That may amount to little more than a Band-Aid. Chris Curtis, an online marketing expert and consultant, has seen social networks rise and fall as trends change and users move along. And that problem isn’t solvable with AI.
“I’m old enough, and I was there when MySpace was a thing,” said Curtis, who previously worked at Anheuser-Busch and McKinsey. “Social networks are switchable, right?”
When you look at Meta’s user numbers, Curtis said, they suggest the company is “not in a good position.”
The last time Facebook’s market cap was this low, it was early 2019 and the company was dealing with the continued fallout of the Cambridge Analytica privacy scandal. Since then, Facebook has suffered further reputational damage, most notably from the documents leaked last year by whistleblower and former employee Frances Haugen.
The main takeaway from the Haugen saga, which preceded the name change to Meta, was that Facebook knew of many of the harms its products caused kids and was unwilling or unable to do anything about them. Some U.S. senators compared the company to Big Tobacco.
Former Facebook employee and whistleblower Frances Haugen testifies during a Senate Committee on Commerce, Science, and Transportation hearing entitled ‘Protecting Kids Online: Testimony from a Facebook Whistleblower’ on Capitol Hill, in Washington, U.S., October 5, 2021.
Jabin Botsford | Reuters
Denise Lee Yohn, author of brand-building books including “What Great Brands Do” and “Fusion,” said there’s little evidence to suggest that Facebook’s rebranding to Meta late last year has changed public perception of the company.
“I think the company still suffers from a lot of criticism and skepticism about whether they are a force for good or evil,” Yohn said.
Rehabilitating a damaged brand is difficult but not impossible, Yohn said. She noted that in 2009, Domino’s Pizza was able to successfully come back from a crisis. In April of that year, a video made as a prank by two restaurant employees went viral, showing one of them doing disgusting acts with food while cooking in one of the company’s kitchens. Both employees were arrested and charged with food contamination.
In December 2009, Domino’s launched a marketing blitz called the “Pizza Turnaround.” The stock climbed 63% in the first quarter of 2010.
Yohn said the company’s approach was, “We’ve been told our pizzas suck, and so we’re actually going to make substantive changes to what we are offering and change people’s perceptions.” While it sounded initially like “just marketing speak,” Yohn said, “they actually really did change.”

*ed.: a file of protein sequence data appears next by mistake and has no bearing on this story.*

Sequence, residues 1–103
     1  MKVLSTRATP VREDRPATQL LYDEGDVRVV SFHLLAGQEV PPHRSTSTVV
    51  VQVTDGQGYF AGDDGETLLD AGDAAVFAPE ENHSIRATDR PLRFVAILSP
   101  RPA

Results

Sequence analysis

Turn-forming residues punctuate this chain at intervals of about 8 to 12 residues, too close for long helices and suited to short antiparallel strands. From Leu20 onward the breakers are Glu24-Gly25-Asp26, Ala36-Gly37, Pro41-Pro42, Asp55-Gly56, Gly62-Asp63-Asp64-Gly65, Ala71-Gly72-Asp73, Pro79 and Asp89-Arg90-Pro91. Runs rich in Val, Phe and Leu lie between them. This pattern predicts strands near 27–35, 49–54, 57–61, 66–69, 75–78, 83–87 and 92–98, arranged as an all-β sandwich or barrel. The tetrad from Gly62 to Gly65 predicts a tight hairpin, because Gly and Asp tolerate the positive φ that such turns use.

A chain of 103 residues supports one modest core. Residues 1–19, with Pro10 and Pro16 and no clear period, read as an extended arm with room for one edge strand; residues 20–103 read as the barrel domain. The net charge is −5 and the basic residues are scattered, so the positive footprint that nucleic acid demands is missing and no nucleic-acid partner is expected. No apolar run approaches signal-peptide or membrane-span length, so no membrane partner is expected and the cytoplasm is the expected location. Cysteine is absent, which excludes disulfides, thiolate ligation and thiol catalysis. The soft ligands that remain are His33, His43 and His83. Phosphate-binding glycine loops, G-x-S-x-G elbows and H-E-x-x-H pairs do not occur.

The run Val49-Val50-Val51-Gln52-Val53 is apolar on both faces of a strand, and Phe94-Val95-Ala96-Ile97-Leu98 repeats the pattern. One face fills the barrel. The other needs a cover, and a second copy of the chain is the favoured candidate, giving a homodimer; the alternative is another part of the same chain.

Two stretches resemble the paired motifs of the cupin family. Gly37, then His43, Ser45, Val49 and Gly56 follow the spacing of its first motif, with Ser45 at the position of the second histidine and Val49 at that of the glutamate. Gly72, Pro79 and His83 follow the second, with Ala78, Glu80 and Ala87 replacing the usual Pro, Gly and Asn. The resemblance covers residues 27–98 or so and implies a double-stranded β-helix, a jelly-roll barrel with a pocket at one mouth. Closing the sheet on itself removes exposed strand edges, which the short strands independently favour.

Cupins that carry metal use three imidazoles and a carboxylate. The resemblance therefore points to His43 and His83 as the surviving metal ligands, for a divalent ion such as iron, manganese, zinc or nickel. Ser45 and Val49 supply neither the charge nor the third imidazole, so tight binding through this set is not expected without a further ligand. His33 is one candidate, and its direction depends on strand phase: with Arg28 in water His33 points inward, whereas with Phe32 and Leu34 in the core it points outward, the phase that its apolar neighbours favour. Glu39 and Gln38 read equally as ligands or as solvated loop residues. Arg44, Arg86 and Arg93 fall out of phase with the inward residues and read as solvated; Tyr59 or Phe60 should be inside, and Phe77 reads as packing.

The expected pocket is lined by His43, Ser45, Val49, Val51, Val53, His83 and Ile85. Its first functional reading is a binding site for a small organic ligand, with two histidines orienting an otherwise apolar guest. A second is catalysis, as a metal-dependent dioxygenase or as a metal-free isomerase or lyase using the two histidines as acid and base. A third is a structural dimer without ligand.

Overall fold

Zuckerberg, on the other hand, is not “coming across as a leader who is serious about changing his culture and about changing himself and about kind of creating a company that will be able to step into the future that he’s envisioning,” she said.
Meta’s reputational hit could also harm the company’s ability to recruit top-tier talent, a stark contrast to a decade ago, when there was no more prized landing spot for a hotshot engineer.
A former Facebook ad executive, who spoke on condition that his name not be used, told CNBC that even though TikTok is owned by a Chinese parent, it now has an edge over Meta when it comes to recruiting because it’s viewed as having less “moral downside.”
Ben Zhao, a computer science professor at University of Chicago, said he’s seeing that play out on the ground as an increasing number of students in his department are showing interest in working for TikTok and ByteDance.
In order to stay competitive, given how the market has punished tech stocks this year, Zhao said, Meta and Google are “having to pay more and are having certainly to hand out more lucrative stock options and packages.”
Still, Zuckerberg has a history of proving his doubters wrong, said Jake Dollarhide, the CEO of Longbow Asset Management in Tulsa, Oklahoma.
Dollarhide remembers when investors ran from Facebook not long after its 2012 IPO, scoffing at the company’s ability to move “from the PC to the mobile world.” Facebook’s mobile business quickly caught fire and by late 2013, the stock was off to the races.
Zuckerberg’s success in pivoting to mobile gives Dollarhide confidence that Meta can cash in on its bet-the-farm move to the metaverse. In the second quarter, Meta’s Reality Labs division, which houses its virtual reality headsets and related technologies, generated $452 million in revenue, about 1.5% of total Meta sales, and lost $2.8 billion.
“I think Zuckerberg is very bright and very ambitious,” said Dollarhide. “I wouldn’t bet against Zuckerberg just like I wouldn’t bet against Elon Musk.”
Dollarhide’s firm hasn’t owned Facebook shares, though, since 2014, preferring the trajectory of tech companies such as Apple and Amazon, two of his top holdings.
“The reality is they can be perceived as a value company and not a growth company,” Dollarhide said, regarding Meta.
No matter what happens in the next year or two or even three, Zuckerberg has made clear that the future of the company is in the metaverse, where he’s banking on new businesses forming around virtual reality.
Zhao, from University of Chicago, says there’s immense uncertainty surrounding the metaverse’s prospects.
“The real question is — are daily users ready for the metaverse yet?” Zhao said. “Is the underlying technology ready and mature enough to make that transition seamless? That’s a real question and that may not be all up to Facebook or Meta at this point.”
If Zuckerberg is right, perhaps 10 years from now Meta’s stock price from the depths of 2022 will look like the discount of the decade. And if that happens, predictions of a death spiral will be mocked like a 2012 cover story from Barron’s, headlined “Facebook is worth $15” with a thumb pointing down. Four years later, it was trading near $130.
WATCH: Needham’s Martin is a Meta skeptic